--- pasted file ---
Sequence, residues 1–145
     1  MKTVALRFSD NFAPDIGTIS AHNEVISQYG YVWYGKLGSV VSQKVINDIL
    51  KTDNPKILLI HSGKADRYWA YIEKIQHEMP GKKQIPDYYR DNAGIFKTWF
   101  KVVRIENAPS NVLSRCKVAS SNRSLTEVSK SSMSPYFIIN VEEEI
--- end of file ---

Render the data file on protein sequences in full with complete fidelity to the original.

Sequence, residues 1–145
     1  MKTVALRFSD NFAPDIGTIS AHNEVISQYG YVWYGKLGSV VSQKVINDIL
    51  KTDNPKILLI HSGKADRYWA YIEKIQHEMP GKKQIPDYYR DNAGIFKTWF
   101  KVVRIENAPS NVLSRCKVAS SNRSLTEVSK SSMSPYFIIN VEEEI